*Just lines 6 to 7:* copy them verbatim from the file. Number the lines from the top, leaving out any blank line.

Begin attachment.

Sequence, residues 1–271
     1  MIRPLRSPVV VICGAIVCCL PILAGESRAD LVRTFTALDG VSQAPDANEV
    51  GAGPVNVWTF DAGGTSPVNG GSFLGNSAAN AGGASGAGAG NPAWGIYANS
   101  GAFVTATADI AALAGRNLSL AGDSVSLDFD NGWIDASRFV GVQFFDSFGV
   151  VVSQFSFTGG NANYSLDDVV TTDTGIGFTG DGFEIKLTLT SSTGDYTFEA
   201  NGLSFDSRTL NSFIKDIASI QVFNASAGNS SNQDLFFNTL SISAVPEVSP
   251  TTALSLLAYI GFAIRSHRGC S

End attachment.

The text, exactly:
   201  NGLSFDSRTL NSFIKDIASI QVFNASAGNS SNQDLFFNTL SISAVPEVSP
   251  TTALSLLAYI GFAIRSHRGC S